Vehicle Automation in Agriculture

Precision Agriculture practices are strongly entering the industry in various degrees of complexity. From small farms to large operations, smart tools and automated processes are helping farmers become more efficient and gain time back to improve their overall yield chances.

Technological changes have impacted all aspects, and none is as notorious as the autonomous vehicles that now roam the land. Fitted with the latest advances, tractors are now entering into a new era that is certain to make waves across the field.
The autonomous field
Automated systems are a reality, and even tractor automation is present in various degrees. Automation ranges can vary from simple guiding AI, to assisting users to gathering valuable information for decision-making. The most advanced one, and certainly one that has its controversies, is the full-on automated vehicle, where the operator is unnecessary by all intents and purposes.
Different companies have been offering automated solutions and retrofits for years, and the market is only expected to grow even more. Labor shortages and the already familiar presence of agritech on the farm make adoption easier and more likely for fully automated vehicles. This could make agricultural operations a 24/7 deal that would not require pressing human intervention, where owners could remotely receive the status of their vehicles along with accurate readings, metrics, and data and image feedback.
New equipment could also become smaller and lighter compared to current tractors and agricultural vehicles. As it will not account for a permanent human operator, the need for safety and comfort considerations within the cabin could be reduced or discarded in favor of better, more complex monitoring systems for efficient performance, impacting operational costs.
Overcoming self-driving challenges
Creating a reliable farm vehicle is already a challenge that many manufacturers must deal with on a daily basis. Ensuring safety and functionality for a regular tractor is, at this point in history, easier to do, as these vehicles have been in the market for years, with existing brands constantly developing and improving their models. For autonomous tractors, challenges are primarily associated with their newness, as most models have only recently been introduced into the market.
•  High cost: Autonomous tractors can be significantly more expensive than traditional tractors, which may make them cost-prohibitive for some farmers.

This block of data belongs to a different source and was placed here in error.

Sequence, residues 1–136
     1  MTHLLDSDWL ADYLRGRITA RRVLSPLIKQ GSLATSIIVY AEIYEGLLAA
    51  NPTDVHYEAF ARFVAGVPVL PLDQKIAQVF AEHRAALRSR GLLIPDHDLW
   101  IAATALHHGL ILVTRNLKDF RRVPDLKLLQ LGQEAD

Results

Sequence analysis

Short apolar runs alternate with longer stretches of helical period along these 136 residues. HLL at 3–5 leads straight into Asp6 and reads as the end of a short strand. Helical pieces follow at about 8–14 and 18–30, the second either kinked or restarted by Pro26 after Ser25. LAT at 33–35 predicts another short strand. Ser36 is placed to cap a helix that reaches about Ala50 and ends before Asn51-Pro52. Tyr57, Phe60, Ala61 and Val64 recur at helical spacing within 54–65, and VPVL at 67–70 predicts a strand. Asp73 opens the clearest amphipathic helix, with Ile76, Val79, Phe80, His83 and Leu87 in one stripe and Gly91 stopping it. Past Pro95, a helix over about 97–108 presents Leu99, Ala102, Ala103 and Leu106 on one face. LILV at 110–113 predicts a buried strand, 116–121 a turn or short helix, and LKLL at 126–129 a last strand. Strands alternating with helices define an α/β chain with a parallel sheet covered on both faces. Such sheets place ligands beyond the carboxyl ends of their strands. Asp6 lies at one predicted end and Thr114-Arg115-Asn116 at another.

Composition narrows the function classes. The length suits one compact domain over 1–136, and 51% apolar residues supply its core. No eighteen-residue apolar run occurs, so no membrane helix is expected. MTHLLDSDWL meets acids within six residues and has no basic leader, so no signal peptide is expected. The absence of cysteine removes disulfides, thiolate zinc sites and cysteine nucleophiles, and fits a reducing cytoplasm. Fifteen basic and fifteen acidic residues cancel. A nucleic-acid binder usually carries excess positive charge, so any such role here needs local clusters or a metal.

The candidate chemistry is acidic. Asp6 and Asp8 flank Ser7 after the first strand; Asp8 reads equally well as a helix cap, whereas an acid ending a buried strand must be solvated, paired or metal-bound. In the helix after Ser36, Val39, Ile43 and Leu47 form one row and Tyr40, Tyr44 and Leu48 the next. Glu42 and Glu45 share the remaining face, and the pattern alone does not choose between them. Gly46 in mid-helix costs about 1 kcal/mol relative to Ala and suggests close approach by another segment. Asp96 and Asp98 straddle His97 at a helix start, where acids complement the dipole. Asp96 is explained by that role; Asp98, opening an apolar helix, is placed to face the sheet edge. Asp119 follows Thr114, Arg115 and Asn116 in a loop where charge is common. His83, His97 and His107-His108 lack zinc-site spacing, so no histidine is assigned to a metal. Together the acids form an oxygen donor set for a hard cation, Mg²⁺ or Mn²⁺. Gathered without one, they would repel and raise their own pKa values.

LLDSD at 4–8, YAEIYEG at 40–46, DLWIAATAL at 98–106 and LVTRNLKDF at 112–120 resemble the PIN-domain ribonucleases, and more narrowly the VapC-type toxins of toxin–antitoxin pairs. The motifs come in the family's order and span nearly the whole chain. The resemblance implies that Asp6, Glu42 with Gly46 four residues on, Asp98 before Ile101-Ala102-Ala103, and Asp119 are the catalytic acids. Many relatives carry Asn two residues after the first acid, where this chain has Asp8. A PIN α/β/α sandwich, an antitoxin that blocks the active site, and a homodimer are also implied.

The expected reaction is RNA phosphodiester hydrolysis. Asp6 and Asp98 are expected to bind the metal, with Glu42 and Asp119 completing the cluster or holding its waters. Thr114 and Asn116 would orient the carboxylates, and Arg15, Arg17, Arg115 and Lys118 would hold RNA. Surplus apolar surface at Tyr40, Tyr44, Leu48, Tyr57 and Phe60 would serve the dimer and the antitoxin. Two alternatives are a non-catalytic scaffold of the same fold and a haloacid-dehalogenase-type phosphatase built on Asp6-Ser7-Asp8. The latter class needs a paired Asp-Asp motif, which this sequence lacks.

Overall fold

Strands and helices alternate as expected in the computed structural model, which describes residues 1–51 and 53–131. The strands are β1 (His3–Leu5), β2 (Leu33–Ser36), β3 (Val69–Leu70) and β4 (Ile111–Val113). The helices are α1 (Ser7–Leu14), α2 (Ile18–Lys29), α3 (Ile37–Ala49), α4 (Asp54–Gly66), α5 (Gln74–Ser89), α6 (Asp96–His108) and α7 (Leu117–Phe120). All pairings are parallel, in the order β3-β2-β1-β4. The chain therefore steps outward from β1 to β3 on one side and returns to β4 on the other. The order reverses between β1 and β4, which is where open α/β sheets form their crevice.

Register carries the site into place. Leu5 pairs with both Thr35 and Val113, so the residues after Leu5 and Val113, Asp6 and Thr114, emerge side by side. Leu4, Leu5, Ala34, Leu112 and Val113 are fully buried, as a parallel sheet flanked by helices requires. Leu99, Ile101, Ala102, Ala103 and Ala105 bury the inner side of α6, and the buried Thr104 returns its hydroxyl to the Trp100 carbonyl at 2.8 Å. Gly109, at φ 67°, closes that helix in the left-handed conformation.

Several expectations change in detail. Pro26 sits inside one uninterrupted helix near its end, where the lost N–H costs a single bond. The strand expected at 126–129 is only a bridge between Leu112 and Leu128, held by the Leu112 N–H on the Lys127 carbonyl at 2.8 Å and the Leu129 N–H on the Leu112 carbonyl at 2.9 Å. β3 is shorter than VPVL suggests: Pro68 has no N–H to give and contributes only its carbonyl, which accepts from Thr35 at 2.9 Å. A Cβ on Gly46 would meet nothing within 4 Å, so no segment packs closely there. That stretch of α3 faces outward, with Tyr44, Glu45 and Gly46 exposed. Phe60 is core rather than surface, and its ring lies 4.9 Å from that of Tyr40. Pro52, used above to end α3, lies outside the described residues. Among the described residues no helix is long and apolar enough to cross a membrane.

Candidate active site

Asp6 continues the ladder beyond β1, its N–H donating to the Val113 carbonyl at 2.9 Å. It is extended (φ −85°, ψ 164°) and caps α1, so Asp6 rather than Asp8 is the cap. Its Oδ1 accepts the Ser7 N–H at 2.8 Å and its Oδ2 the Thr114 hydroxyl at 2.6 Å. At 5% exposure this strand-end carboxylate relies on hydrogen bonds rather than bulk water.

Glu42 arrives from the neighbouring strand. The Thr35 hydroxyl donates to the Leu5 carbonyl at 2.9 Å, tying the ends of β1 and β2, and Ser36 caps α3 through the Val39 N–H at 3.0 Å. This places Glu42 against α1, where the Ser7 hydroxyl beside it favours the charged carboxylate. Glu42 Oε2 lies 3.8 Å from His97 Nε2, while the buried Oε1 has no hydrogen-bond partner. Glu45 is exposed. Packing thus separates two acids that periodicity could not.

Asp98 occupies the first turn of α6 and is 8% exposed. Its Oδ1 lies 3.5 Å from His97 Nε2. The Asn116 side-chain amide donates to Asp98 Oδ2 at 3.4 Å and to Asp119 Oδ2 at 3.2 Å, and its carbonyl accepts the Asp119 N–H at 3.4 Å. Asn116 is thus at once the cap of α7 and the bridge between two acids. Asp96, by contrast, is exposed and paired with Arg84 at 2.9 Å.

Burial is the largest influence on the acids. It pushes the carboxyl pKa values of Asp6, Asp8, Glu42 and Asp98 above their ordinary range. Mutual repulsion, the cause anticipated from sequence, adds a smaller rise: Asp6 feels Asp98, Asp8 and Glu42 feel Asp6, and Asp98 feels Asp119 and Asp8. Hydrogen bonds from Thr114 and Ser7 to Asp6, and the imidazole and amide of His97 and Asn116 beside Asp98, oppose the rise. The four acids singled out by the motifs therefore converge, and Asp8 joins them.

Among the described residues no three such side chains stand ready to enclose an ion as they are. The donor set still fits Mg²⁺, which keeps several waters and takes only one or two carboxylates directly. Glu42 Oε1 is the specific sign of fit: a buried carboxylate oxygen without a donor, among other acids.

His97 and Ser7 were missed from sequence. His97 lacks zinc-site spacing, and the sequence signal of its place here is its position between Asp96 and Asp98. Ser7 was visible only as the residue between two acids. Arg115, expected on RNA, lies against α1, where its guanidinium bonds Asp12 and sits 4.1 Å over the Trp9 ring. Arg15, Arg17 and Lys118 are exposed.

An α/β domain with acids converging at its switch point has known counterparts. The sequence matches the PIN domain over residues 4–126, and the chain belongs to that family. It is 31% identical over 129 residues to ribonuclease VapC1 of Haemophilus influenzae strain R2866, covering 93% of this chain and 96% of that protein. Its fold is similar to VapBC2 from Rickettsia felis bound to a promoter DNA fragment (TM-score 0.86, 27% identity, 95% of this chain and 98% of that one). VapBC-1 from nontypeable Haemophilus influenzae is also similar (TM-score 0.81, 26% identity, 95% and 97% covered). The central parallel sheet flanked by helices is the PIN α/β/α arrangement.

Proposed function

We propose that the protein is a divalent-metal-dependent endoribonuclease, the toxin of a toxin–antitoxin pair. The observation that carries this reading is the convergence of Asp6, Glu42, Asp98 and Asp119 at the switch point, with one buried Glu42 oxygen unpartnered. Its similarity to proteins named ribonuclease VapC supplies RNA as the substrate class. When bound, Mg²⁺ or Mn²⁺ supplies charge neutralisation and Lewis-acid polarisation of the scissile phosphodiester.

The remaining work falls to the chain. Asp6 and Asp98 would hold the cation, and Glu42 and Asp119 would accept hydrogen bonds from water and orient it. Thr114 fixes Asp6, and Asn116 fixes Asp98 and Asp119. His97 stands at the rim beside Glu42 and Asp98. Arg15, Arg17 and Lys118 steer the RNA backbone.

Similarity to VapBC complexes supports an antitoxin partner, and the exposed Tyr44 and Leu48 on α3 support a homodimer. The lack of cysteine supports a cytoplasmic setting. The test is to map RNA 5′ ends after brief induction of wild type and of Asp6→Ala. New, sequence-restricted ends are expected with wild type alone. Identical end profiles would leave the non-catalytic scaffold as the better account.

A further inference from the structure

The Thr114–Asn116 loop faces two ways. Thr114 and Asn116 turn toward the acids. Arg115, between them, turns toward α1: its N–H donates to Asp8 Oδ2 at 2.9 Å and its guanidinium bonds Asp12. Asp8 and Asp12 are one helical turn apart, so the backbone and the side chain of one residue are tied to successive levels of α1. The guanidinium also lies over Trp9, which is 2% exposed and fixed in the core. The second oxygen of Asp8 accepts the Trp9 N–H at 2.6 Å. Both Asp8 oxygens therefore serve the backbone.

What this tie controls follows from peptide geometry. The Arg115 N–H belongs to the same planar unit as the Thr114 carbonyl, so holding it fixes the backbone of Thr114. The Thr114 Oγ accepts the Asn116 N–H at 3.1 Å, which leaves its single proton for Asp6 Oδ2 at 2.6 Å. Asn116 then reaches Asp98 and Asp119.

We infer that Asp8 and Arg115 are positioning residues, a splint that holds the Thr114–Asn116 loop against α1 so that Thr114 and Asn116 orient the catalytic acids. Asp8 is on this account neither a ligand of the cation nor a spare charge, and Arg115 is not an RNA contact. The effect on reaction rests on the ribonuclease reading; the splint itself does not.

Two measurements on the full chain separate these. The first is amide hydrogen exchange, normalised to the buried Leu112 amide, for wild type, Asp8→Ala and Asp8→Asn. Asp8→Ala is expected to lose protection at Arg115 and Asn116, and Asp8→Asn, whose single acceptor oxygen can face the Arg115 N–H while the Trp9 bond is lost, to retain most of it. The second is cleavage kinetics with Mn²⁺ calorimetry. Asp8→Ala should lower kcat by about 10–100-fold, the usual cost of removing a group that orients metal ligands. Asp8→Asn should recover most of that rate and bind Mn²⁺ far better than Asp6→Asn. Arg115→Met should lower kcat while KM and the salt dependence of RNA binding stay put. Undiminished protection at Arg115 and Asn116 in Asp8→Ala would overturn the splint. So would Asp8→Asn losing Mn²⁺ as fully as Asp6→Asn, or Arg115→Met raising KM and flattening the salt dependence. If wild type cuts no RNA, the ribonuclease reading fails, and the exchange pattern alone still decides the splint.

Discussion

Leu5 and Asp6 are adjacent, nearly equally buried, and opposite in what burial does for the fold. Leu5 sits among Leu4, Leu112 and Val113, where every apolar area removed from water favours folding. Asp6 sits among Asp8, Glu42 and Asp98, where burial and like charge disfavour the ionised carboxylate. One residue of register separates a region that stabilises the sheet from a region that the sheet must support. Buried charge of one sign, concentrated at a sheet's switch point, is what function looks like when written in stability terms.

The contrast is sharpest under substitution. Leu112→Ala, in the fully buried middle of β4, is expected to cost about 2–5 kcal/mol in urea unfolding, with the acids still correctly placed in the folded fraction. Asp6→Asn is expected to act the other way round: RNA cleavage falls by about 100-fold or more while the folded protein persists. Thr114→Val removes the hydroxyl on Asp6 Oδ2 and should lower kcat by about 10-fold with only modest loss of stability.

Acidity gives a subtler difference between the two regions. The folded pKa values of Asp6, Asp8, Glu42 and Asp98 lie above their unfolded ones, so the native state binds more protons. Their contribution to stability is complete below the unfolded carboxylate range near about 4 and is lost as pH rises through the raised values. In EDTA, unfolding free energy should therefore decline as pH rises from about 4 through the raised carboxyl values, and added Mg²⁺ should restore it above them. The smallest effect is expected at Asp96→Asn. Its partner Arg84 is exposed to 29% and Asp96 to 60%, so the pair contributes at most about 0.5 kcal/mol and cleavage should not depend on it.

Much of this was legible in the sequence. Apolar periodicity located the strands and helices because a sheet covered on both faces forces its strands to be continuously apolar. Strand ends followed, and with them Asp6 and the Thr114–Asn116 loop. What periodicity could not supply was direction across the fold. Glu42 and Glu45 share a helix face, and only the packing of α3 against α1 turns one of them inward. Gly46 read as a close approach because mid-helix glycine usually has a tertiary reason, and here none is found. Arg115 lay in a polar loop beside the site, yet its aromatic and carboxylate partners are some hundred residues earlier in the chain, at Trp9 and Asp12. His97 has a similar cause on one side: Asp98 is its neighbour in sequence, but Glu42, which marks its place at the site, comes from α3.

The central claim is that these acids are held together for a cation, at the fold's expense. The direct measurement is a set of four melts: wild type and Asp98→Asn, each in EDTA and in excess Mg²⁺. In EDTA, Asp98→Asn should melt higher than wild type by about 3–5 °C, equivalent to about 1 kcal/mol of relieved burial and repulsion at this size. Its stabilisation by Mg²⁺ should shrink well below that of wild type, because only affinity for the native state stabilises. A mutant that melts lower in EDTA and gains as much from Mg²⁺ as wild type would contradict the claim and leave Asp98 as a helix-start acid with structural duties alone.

•  Limited availability: Vehicles of this kind are not yet widely available, making it difficult for farmers to find and purchase them.
•   Lack of understanding: Some farmers may not be familiar or comfortable with the technology. They may find it challenging to learn, and, as a result, operation and maintenance could be hindered.
•   Internet connectivity: Autonomous tractors rely on internet connectivity for their operation. This can be a particular challenge for rural areas with poor signal and lower connection availability.
Aside from the technical challenges this new kind of technology may pose, some safety and security risks could also make it harder for farmers to invest. Some that should be considered are:
•   On-site accidents: As with any machinery, there is always a risk of accidents. Considering autonomous tractors operate without human oversight, any failure can develop into a more severe incident if not timely addressed.
•   Cybersecurity: Autonomous tractors are vulnerable to hacking, which could lead to unauthorized control of the machinery from a remote user. Software errors and failure could also impact its performance and overall operation.
•   Job loss: Although these kinds of equipment are meant to account for better productivity and cost efficiency, it could reduce the need for human labor, putting in risk employed farm workers that may lose their jobs.
Keeping your tractor on the move
Like any other mechanical equipment, if you ever decide to get an autonomous tractor, a proper maintenance schedule will allow you to keep your operations running with minimal downtime and technical issues. It is important to note that maintenance for these tractors may require more technical skills and knowledge, and it is advisable to seek professional help if needed. Some tips to get on with the upkeep are:
•   Cleaning: It might be advanced, but it still needs a hand. Ensure that all parts and pieces are cleaned and free of debris. Pay special attention to GPS, sensors, and cameras that may be directly affected and can result in poor readings and monitoring.
•   Update software: Whenever needed, update the vehicle’s software to the latest version to ensure its performance and security against cyberattacks.
•   Monitor the battery and wiring: If it’s running low, it won’t sow. Regularly check the battery to ensure its charged and ready for the day, and ensure the electrical connections are not damaged or loose.
•   Check the overall exterior: For traces of wear, tear, leaks, etc. Make sure to store it in a place where temperature, humidity, and other damage factors will not be a concern.
•   Be organized: Keep a maintenance record, the same as you would with any other equipment, and follow your manufacturer’s manual to ensure proper use.
Changes keep on giving, and VISCOSITY Oil Company will continue moving into the future with you with the protection and quality you need to continue working in fluid motion with the best in the market for all your agricultural equipment. Learn more at our products section and find the formulations your equipment need all in our new e-commerce shop at Viscosity Oil Shop.


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